in lovefest with Bush
there's anything more unappealing than watching politicians mud wrestle,
it's watching them pretend they like each other.
___ Oozing insincerity, Presi-dent Bush
praised his predecessor on Monday during an unveiling of the Clintons'
official (and utterly mediocre) White House portraits.
___ Bush couldn't have believed a word
he was saying, but, this being an election year, his advisers decided
a little bipartisanship might woo some Democratic and independent voters,
even if that meant alienating the Republican base.
"He filled this house with energy and joy," Bush said during
a ceremony in the East Room of the White House.
Energy and joy? While campaigning in 2000, didn't Bush promise to restore
dignity to the Oval Office? Didn't W. fumigate the Oval Office before
You'd hardly guess he was talking about the same person: High praise,
indeed: Bush didn't sound this effusive when he delivered his eulogy
for Ronald Reagan last week.
The speechwriters could have inserted Ronald Reagan's name, and the
speech would have worked at the late president's memorial.
"Bill Clinton could always see a better day ahead, and Americans
knew he was working hard to bring that day closer," gushed the
current White House occupant.
Just warming to his subject, Bush continued, "Over eight years,
it was clear that Bill Clinton loved the job of the presidency."
Bush might as well introduce his predecessor to the Democratic political
convention in August before Clinton addresses the delegates.
There was more of the same: "As a candidate for any office, whether
it be state attorney general or the president, Bill Clinton showed incredible
energy and great personal appeal."
Besides his "hard work and drive and determination and optimism,"
Clinton "advance(d) the causes that drew him to public service."
"As chief executive, he showed a deep and far-ranging knowledge
of public policy," Bush went on, making his listeners wonder if
he'd switched parties.
The Clintons obviously enjoyed the ceremony. Bill was also willing to
let bygones be bygones, but Hillary still does not forgive their critics.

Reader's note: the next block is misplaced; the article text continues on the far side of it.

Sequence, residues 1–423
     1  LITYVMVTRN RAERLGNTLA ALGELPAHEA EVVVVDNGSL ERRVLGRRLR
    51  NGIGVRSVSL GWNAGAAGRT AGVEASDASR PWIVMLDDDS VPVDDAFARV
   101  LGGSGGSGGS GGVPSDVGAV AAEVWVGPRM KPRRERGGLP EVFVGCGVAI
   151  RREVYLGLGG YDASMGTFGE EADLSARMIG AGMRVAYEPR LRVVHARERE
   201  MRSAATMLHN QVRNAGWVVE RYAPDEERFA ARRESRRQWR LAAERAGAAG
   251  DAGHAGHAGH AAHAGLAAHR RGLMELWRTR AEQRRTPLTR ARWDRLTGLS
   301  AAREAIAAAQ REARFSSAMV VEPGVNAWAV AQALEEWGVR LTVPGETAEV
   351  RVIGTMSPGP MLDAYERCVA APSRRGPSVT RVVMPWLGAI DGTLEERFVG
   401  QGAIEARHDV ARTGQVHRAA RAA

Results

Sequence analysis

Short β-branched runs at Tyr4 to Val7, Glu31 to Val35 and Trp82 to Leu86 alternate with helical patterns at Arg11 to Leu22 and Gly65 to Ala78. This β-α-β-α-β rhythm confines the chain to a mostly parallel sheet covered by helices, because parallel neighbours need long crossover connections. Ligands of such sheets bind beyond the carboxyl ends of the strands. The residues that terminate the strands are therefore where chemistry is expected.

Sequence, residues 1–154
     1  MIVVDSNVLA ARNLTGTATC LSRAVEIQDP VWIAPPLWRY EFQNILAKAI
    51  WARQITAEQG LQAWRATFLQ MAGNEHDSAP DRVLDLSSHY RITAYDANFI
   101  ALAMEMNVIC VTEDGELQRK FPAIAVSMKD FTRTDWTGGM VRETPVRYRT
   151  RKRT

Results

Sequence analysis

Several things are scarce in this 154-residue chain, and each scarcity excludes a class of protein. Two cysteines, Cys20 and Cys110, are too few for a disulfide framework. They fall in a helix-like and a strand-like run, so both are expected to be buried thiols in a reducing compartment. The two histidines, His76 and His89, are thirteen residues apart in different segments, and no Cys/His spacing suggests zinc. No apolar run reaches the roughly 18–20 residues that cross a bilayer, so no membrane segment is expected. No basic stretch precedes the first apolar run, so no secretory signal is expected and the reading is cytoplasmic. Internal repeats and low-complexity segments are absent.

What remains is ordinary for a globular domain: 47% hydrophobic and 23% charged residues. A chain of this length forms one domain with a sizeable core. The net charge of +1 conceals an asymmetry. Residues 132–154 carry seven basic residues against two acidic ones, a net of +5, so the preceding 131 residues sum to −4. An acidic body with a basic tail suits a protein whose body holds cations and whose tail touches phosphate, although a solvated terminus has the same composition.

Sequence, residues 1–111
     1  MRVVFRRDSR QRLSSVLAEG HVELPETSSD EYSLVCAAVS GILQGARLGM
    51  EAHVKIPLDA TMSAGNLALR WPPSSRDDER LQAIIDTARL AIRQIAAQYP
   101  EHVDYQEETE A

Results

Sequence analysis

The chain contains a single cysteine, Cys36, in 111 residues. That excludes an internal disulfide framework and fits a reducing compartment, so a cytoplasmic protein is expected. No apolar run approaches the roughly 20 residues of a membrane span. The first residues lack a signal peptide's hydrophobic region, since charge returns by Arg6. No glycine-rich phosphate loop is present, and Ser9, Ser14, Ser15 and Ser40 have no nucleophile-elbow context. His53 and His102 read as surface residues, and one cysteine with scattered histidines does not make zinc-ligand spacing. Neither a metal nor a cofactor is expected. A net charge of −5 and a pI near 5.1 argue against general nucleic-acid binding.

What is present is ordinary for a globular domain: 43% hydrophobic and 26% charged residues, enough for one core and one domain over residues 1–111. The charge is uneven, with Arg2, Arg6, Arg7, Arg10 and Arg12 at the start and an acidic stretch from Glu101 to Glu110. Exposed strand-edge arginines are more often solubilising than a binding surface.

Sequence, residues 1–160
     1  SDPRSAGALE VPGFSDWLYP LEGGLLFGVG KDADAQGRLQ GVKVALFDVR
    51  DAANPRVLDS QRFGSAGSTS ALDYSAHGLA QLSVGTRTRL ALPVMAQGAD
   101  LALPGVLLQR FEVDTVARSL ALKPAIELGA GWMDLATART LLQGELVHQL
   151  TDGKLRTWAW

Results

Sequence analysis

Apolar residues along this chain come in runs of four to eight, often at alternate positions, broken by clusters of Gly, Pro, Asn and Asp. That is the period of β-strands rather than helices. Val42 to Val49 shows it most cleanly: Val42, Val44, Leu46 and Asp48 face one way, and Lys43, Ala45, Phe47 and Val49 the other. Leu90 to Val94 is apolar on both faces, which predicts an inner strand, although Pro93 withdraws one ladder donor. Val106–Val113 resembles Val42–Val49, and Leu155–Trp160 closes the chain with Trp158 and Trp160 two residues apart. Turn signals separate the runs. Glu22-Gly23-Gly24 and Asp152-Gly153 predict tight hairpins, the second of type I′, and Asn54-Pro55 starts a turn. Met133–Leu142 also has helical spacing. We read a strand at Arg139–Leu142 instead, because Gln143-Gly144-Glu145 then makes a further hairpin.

Mangling syntax and grammar, the senator lashed out at their enemies
once again, but it's not clear why. "One thing that has never been
said about either my husband or I (sic) ‹ nearly everything else has
been ‹ but one thing that hasn't is that we're patient people."
"Those of you who know us know that's not at all descriptive,"
Now we know: The Clintons are not patient people. That was Hillary's
way of complimenting the artist, Simmie Knox, for making two impatient
subjects sit for their portraits.
Making people sit for their portraits is a talent worth noting, but
somebody should tell the truth about the two portraits ‹ they're terrible
and not worth hanging up in the White House.
World-class blues played near here
couple of great blues musicians showed up at Sticky Fingerz in Little Rock
on Thursday night.
___ Michael Burks, probably Arkansas' most talented
young bluesman, dropped in to catch Deborah Coleman and her band and he
was impressed. [FULL
Reagan had won in '76
of words and thousands of images have filled newspapers and television screens
since the passing of Ronald Reagan on Saturday.
colleagues, politicians and scholars have discussed every facet of his remarkable
life: How he started out poor, became a Holly-wood star, found a second
career on television, then a third as a corporate spokesman, and yet another,
more spectacular career as a politician.
His life has been thoroughly examined this week, but one crucial period
and its consequences are virtually overlooked: His losing out to President
Ford for the Republican Party's presidential nomination in 1976, which,
it could be argued, helped the Soviets stay in power for several more years.
These Vets couldn't go to unveiling
Albert Jonikas couldn't make it to the dedication of the World War II memorial
over the weekend.
an 84-year-old veteran of the Second World War who saw action in the Pacific
- Iwo Jima, Saipan, Okinawa, which was near where the Japanese surrendered
- but he doesn't get around much anymore. [FULL